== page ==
Billions Of Online Ads Are About To Die A Well-Deserved Death

From my Forbes blog:

Businesses that run annoying ads on your smartphone and laptop are about to get a rude awakening.

Not only are online ad blockers quickly gaining in popularity, now two very big companies will soon offer us new ways to avoid in-your-face video and animated ads, pop-ups, and other intrusive ads that plague our online existence.

Today, Sept. 1, Google will start blocking ads that use Adobe’s Flash software, employed widely by video advertisers, in its Chrome browser. And as early as next week, Apple is expected to release its new mobile operating software for iPhones and iPads that will allow the installation of apps that keep ads from appearing in its Safari Web browser.

These developments suggest a new era in which you’ll finally be able to zap annoying ads like those in the video above. For a variety of reasons, it’s unlikely that ad blocking alone will cause advertisers and publishers a big problem. But the fact that the two biggest forces in mobile phones are both cracking down on annoying ads means the online ad business is about to change in a big way. …

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A Deeper Look At The New Google

From MIT Technology Review:

Before Apple’s Steve Jobs died in 2011, he told Google cofounder and CEO Larry Page that his company was trying to do too much. As Page later told the Financial Times, he replied, “If we just do the same things we did before and don’t do something new, it seems like a crime to me.” Yet Page also acknowledged that Jobs was right in one sense: he could manage only so many things before too many would get lost in the shuffle.

Those twin desires—to do new things regardless of how weird and unrelated they seem to Google’s core search and advertising business, and yet still find a way to manage them to fruition—explain Page’s surprise announcement Monday that he was creating a holding company called Alphabet. It will separate Google’s lucrative ad-related businesses, including Android mobile software and the video site YouTube, from the company’s wide-ranging efforts on self-driving cars, human longevity, Internet access balloons, the Nest connected-home devices, and more, each of which will probably become discrete subsidiaries.

But the move, while cheered by investors, is just the first step to fulfilling the company’s long-standing goal to “make Google a long term success and the world a better place.” In the view of several management experts, Alphabet will be successful only if the individual projects and companies can be successful enough on their own to be spun off into freestanding companies eventually. The new corporate structure enables that to happen, but it surely doesn’t guarantee it.

First, it’s important to dispel the assumption that Page and cofounder Sergey Brin have created something like the Berkshire Hathaway of the Internet, an updated version of Warren Buffett’s conglomerate. “The comparison is silly,” says Michael A. Cusumano, a professor at MIT’s Sloan School of Management. Buffett, he says, invests in existing, undervalued companies, a bit like a mutual fund—precisely the opposite of Alphabet’s VC-style focus on risky new ventures like Calico, which wants to somehow fight aging. ….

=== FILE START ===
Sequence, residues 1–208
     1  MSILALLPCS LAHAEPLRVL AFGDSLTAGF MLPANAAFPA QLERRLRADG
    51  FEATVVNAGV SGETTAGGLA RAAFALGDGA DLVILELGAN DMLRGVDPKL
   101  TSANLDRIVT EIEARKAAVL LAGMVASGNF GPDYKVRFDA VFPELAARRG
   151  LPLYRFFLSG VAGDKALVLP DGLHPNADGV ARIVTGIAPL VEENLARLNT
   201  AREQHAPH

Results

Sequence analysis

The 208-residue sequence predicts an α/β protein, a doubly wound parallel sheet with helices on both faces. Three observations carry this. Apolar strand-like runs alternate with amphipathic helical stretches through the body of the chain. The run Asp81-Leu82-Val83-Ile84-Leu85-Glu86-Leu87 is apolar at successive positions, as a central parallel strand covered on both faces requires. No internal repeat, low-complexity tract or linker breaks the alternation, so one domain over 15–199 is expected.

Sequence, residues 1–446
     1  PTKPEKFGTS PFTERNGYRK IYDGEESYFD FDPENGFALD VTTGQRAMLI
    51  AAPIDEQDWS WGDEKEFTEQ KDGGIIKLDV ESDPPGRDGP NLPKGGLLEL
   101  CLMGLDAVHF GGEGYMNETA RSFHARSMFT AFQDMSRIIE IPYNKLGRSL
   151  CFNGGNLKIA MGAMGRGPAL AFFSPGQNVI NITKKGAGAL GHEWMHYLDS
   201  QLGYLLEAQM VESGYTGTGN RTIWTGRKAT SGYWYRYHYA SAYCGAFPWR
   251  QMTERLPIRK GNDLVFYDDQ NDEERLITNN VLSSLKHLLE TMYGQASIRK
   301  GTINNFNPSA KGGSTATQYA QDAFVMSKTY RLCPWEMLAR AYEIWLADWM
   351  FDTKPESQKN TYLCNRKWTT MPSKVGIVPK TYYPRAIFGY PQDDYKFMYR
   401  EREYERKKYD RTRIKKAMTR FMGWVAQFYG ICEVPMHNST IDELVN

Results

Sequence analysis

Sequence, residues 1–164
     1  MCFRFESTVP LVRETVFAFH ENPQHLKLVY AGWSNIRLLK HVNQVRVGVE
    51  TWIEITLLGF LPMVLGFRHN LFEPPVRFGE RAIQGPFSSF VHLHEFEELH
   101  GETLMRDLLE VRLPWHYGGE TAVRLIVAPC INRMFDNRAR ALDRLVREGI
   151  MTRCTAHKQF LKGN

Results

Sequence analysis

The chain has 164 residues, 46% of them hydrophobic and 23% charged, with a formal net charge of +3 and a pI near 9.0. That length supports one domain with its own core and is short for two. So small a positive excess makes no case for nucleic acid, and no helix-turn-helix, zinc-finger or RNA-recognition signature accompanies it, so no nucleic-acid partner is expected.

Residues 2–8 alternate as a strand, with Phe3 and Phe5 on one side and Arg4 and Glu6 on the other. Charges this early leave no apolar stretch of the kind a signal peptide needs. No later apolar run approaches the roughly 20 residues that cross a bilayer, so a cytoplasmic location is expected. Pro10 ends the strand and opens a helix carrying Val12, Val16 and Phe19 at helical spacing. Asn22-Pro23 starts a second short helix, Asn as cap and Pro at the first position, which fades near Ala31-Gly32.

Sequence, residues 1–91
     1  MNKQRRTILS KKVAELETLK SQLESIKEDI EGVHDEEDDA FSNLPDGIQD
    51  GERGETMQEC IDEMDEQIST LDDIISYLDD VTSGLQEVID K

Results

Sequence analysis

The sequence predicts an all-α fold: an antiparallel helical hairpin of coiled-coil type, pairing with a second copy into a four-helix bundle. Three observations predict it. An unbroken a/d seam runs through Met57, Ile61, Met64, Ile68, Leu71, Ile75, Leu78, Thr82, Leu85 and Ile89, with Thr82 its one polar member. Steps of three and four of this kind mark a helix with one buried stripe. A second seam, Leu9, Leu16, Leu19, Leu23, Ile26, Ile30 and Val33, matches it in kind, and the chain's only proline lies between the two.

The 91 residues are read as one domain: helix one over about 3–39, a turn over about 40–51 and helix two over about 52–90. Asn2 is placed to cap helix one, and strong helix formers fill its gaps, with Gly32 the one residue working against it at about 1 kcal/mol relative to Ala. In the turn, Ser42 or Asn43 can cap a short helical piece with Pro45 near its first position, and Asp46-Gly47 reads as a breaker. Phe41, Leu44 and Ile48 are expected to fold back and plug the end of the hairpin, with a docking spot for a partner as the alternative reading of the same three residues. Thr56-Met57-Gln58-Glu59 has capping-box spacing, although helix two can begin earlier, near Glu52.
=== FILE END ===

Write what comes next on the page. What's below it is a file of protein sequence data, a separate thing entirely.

Read the complete analysis.

Why Ad Blockers Won’t Destroy Online Advertising … Yet


From my Forbes blog:

Today’s release of another study on the rising use of ad blockers has sparked a new round of hand-wringing over the software’s blow to the online ad industry. Some $22 billion will be lost worldwide this year, according to the report from Adobe and PageFair, an Irish company that helps advertisers get some of that lost ad revenue back.

Sounds scary! But the concerns are overblown, at least for now. Here’s why:

* It’s still a relatively small percentage of people especially in the U.S., where only 15% of users employ ad blocking, according to the study.

And the U.S. is by far the most lucrative ad market in the world. So in the places where most online companies advertise, they’ll continue to reach the vast majority of users.

* Only desktop ads are getting blocked for now. And we all know we’re rapidly approaching the time when most of the ads we see will be on our mobile devices. So the fastest-growing ad market, on mobile devices, isn’t even affected yet, not least because app stores such as Google’s don’t allow ad blocking apps. …

All this isn’t to say advertisers shouldn’t be concerned. They should be. The ad blocking trend line doesn’t bode well for brands that expect to keep reaching people as easily online as they have everywhere else.

But advertisers that create ads that aren’t intrusive and may even be useful have less to fear. Those that keep trying to shovel pop-ups and annoying mortgage come-ons? They probably deserve to lose business anyway.

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As Mobile Video Ads Soar At Facebook, Big Brands Pile In

Facebook CEO Mark Zuckerberg

Facebook CEO Mark Zuckerberg

From my Forbes blog:

Facebook’s second-quarter results today didn’t thrill investors, who knocked shares down more than 3% in after-hours trading. They don’t like to hear about an 82% jump in expenses to get revenue growth of half that much–even less so when Mark Zuckerberg, CEO and founder of the social network, says that spending won’t slow down much anytime soon.

But advertisers were a different story–in particular, big brand advertisers like Procter & Gamble and Under Armour that are looking to reach people via the mobile devices they carry with them all the time. Mobile ad revenues shot up 74% from a year ago, considerably faster than ads overall, which rose 55% after taking out currency impacts, and it’s now 76% of ad revenue.